Blackdom, New Mexico, was a township that lasted about thirty years. In this book, Timothy E. Nelson situates the township’s story where it belongs: along the continuum of settlement in Mexico’s Northern Frontier. Dr. Nelson illuminates the set of conscious efforts that helped Black pioneers develop Blackdom Township into a frontier boomtown.
“Blackdom” started as an inherited idea of a nineteenth-century Afrotopia. The idea of creating a Blackdom was refined within Black institutions as part of the perpetual movement of Black Colonization. In 1903, thirteen Black men, encouraged by the 1896 Plessy decision, formed the Blackdom Townsite Company and set out to make Blackdom a real place in New Mexico, where they were outside the reach of Jim Crow laws.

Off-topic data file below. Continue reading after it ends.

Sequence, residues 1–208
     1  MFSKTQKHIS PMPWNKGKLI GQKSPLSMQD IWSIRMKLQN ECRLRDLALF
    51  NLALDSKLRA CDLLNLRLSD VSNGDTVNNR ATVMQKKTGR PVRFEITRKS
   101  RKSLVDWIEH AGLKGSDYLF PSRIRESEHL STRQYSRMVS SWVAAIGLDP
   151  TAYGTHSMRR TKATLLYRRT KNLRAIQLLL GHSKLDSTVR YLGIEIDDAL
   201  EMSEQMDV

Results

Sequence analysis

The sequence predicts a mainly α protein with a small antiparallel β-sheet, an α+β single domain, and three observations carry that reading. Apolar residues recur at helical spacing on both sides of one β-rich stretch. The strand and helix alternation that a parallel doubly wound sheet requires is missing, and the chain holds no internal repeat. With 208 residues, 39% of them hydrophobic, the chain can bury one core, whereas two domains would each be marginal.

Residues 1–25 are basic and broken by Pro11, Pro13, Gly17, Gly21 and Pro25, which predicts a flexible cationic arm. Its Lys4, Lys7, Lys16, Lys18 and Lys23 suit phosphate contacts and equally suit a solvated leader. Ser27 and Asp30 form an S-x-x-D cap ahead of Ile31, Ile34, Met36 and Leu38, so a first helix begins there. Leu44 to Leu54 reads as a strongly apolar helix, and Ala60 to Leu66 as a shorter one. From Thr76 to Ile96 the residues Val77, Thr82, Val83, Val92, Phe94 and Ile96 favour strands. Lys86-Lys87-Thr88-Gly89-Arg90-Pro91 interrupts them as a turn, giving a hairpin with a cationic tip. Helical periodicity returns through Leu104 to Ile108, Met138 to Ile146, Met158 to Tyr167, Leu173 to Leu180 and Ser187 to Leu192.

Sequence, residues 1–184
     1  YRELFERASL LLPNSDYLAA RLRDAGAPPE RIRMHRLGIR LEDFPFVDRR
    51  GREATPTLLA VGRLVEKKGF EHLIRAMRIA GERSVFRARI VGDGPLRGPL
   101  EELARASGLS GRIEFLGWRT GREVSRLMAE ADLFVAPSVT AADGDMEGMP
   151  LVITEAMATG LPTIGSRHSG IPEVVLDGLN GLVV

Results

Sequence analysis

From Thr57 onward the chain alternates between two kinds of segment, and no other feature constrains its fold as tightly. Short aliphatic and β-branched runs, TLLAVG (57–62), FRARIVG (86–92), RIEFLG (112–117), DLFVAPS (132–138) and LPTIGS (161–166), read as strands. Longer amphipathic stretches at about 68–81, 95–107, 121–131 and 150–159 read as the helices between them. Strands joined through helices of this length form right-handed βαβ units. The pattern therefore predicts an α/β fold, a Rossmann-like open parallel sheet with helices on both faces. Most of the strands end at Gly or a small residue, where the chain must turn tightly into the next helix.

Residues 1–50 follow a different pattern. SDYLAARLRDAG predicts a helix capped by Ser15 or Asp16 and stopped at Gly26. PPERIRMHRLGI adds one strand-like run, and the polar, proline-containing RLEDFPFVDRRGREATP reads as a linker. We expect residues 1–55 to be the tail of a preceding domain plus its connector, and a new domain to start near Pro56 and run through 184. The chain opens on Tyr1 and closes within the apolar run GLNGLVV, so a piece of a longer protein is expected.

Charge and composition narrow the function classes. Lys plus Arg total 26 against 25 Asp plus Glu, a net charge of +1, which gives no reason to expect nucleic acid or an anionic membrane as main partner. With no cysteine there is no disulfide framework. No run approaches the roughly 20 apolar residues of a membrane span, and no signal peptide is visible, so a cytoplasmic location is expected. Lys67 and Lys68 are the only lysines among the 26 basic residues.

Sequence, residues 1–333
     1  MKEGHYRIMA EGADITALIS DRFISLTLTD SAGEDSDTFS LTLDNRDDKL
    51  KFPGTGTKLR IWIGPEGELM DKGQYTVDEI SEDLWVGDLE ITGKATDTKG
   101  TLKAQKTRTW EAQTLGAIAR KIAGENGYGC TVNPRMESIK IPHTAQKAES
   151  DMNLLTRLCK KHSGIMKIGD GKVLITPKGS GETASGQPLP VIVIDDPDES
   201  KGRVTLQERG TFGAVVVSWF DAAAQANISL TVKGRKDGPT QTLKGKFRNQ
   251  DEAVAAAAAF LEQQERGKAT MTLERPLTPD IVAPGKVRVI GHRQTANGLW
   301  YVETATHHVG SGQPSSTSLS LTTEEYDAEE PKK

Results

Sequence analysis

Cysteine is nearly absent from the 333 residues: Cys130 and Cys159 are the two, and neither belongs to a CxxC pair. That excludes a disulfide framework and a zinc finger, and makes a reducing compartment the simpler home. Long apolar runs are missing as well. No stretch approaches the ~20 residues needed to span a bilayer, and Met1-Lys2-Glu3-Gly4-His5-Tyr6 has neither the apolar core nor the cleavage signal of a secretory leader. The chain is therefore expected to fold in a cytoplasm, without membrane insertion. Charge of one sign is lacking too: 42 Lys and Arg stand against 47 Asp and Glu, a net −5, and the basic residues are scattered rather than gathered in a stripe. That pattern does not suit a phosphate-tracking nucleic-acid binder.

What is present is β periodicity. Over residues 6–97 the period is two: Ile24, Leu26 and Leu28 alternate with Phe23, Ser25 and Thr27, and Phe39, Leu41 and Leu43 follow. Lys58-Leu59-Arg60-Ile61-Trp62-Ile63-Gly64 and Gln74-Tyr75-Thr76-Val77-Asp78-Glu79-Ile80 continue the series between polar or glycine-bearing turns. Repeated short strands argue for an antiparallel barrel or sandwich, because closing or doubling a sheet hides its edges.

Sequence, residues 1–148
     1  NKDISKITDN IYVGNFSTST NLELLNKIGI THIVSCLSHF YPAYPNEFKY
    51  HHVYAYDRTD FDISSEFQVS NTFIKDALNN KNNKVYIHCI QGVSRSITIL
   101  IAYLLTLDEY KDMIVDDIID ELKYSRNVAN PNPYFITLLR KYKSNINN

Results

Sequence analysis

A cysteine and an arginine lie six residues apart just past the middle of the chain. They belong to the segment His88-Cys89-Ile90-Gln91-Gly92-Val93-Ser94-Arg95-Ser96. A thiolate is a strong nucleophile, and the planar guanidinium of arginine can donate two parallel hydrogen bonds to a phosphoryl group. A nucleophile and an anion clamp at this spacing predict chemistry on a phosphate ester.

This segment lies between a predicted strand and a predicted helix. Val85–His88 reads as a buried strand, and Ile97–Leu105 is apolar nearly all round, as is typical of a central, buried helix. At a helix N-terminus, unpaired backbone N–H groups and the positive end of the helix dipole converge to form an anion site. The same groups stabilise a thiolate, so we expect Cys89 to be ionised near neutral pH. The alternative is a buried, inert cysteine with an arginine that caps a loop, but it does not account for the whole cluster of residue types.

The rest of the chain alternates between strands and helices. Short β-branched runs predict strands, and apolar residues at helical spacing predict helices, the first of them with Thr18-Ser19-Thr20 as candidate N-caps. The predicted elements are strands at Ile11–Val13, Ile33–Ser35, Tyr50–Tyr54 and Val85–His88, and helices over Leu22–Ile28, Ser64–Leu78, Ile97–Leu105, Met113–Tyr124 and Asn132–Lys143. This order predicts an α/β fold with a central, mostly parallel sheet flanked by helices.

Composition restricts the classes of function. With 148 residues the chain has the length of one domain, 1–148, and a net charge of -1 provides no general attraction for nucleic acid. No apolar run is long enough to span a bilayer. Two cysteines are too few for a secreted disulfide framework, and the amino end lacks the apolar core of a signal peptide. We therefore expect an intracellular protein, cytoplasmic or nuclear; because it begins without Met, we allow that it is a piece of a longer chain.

Many believed that Blackdom was simply abandoned. However, new evidence shows that the scheme to build generational wealth continued to exist throughout the twentieth century in other forms. During Blackdom’s boomtimes, in December 1919, Blackdom Oil Company shifted town business from a regenerative agricultural community to a more extractive model. Nelson has uncovered new primary source materials that suggest for Blackdom a newly discovered third decade. This story has never been fully told or contextualized until now.
Reoriented to Mexico’s “northern frontier,” one observes Black ministers, Black military personnel, and Black freemasons who colonized as part of the transmogrification of Indigenous spaces into the American West. Nelson’s concept of the Afro-Frontier evokes a “Turnerian West,” but it is also fruitfully understood as a Weberian “Borderland.” Its history highlights a brief period and space that nurtured Black cowboy culture. While Blackdom’s civic presence was not lengthy, its significance—and that of the Afro-Frontier—is an important window in the history of Afrotopias, Black Consciousness, and the notion of an American West.